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This group has fortunately been documented quite a few times on record, and consequently this disc offers insight into an ongoing affair. The front line of woodwind multi-instrumentalists Sonny Simmons and Michael Marcus has now not only established the kind of rapport Simmons used to have with Prince Lasha forty odd years ago, but also moved beyond it, which is just as it should be.
This is abundantly obvious from the off. The opening title track finds the two men jousting like there's no tomorrow, with lines spinning off into the ether at a high rate. Their efforts are given ample substance by the bass and drums of Peter Herbert and Art Lewis respectively, a duo alert to every rhythmic nuance and capable of imparting enough drive to move mountains.
The sly funk of Simmons's "Afro Funk" proves there's more to this group than all out blowing. The composer's English horn is an instrument he's made his own in this area of the music and its keening edge provides a nice contrast with Marcus's John Carter-influenced Bb clarinet. Again the two men converse over the rhythmic backdrop for a while before Simmons solos and the overall effect is happily that of four men in thrall to the greater idea that the music inevitably is.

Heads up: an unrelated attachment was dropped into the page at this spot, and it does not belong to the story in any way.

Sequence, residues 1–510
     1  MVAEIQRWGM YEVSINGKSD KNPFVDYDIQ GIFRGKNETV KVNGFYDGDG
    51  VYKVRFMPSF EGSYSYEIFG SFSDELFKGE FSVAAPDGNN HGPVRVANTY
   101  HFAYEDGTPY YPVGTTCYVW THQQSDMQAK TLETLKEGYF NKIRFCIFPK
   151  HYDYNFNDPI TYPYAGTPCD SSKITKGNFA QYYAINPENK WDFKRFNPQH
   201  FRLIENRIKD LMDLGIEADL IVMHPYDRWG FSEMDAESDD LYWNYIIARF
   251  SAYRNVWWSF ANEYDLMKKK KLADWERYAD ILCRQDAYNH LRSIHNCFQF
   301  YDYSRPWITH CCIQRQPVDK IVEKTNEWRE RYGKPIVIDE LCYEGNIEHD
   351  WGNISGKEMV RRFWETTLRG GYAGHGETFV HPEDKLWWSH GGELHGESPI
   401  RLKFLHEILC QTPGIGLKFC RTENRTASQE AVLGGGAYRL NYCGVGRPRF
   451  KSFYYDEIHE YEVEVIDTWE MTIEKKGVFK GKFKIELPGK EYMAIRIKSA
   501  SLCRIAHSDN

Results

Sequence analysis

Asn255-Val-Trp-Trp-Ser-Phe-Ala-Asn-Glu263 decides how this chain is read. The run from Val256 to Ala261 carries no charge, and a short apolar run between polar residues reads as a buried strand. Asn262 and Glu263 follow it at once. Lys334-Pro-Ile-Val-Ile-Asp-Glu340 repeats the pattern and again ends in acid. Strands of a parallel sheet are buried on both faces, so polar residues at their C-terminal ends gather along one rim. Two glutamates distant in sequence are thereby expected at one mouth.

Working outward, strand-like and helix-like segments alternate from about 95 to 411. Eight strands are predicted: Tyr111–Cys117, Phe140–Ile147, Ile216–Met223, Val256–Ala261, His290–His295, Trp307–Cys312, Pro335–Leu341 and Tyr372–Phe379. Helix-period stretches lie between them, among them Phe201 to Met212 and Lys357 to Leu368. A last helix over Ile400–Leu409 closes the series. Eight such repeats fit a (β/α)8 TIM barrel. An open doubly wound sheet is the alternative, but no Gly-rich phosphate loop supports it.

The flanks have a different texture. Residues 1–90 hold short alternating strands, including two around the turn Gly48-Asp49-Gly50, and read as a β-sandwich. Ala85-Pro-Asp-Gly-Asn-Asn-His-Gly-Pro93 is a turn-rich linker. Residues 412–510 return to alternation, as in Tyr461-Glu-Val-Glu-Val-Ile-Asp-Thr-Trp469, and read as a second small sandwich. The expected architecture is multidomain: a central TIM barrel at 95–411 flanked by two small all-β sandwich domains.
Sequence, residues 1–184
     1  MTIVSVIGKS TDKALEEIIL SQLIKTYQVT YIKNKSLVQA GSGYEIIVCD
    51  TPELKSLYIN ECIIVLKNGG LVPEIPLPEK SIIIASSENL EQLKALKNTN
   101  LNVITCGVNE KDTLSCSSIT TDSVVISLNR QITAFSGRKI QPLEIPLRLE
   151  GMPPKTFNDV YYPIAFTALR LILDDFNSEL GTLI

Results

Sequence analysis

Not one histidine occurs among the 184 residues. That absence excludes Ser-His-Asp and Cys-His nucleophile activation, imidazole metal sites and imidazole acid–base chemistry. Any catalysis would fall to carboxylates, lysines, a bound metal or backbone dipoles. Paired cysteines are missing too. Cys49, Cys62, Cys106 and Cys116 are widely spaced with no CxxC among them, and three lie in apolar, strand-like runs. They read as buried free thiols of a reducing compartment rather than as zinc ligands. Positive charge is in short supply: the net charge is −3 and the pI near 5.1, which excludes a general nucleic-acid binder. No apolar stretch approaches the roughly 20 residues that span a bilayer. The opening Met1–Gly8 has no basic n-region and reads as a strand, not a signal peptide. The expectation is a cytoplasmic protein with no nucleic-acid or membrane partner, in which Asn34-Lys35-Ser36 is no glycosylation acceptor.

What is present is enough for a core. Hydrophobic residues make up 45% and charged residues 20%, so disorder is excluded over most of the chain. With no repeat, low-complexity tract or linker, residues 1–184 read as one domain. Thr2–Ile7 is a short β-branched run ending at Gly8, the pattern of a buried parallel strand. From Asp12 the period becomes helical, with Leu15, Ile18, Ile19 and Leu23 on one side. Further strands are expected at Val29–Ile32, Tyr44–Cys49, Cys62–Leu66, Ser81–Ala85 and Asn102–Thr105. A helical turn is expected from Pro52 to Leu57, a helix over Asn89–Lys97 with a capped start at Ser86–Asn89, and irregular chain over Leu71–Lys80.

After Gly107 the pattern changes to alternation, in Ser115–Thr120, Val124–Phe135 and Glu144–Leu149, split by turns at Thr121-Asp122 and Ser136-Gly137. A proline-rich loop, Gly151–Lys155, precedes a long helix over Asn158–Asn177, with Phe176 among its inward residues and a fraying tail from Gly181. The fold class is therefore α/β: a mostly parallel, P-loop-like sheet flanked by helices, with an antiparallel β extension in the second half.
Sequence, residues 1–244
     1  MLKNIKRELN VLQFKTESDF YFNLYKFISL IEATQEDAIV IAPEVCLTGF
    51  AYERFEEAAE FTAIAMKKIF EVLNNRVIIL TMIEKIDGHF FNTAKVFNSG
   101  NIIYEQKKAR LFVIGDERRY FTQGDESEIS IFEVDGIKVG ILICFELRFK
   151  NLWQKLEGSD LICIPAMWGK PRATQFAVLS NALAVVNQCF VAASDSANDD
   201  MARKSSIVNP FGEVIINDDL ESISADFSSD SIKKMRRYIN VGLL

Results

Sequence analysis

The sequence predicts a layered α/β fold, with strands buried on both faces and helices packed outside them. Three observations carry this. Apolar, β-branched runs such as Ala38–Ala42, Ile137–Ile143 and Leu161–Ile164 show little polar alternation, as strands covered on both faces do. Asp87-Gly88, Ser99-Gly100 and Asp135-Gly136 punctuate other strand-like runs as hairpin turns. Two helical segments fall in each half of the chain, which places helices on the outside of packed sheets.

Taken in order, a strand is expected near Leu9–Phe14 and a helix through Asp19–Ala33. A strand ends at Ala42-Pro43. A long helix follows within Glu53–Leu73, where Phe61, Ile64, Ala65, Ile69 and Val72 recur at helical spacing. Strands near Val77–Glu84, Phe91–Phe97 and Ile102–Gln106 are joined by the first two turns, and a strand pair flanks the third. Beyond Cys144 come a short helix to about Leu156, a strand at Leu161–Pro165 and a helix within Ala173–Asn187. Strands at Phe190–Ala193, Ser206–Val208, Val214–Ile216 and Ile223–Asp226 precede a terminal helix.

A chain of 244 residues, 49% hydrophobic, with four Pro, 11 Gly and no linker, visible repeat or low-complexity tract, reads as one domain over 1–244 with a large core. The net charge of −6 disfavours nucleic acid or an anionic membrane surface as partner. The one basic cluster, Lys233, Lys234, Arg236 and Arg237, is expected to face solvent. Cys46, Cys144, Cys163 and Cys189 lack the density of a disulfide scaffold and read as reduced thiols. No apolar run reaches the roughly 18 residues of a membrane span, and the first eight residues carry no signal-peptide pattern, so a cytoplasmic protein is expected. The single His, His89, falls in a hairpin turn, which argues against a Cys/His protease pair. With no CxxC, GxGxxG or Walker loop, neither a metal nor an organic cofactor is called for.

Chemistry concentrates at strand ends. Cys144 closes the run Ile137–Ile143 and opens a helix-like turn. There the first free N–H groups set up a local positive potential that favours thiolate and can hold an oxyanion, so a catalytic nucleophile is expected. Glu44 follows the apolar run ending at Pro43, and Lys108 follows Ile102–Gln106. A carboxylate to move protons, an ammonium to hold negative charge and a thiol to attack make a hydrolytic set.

The same funk applies to Marcus's "May-Lee-High-Young." Down home in terms of rhythmic contours, Simmons puts in some of his most effective work on this one, showing how much he's absorbed the Ornette Coleman strand and refined it to the point where his is the voice that emerges at the expense of all others. Marcus's tenor sax here is garrulous without being overbearing, not least because he too has long since arrived at the point of personal expression, which is just as it should be.
In such company, Marcus's "Morning Daffodil" has an elegiac air about it, which fulfills the promise of the title. Lewis employs brushes in a manner which brings out the innate beauty of the reeds mens' lines and Marcus shows, in no uncertain terms, how his appreciation of the tradition goes back decades. Again the balance between form preconceived and form spontaneous is finely struck and the results are compelling.
Track Listing: Free Within The Law; Afro Funk; Janet
Personnel: Sonny Simmons: alto sax, English horn; Michael Marcus: tenor sax, Bb clarinet; Peter Herbert: bass; Art Lewis: drums.
I was first exposed to jazz while learning to play chess with my uncles. They would play smooth jazz, and then switch up to more standard types of jazz. But, when they played Kind of Blue by Miles Davis, I was
hooked and I haven't looked back.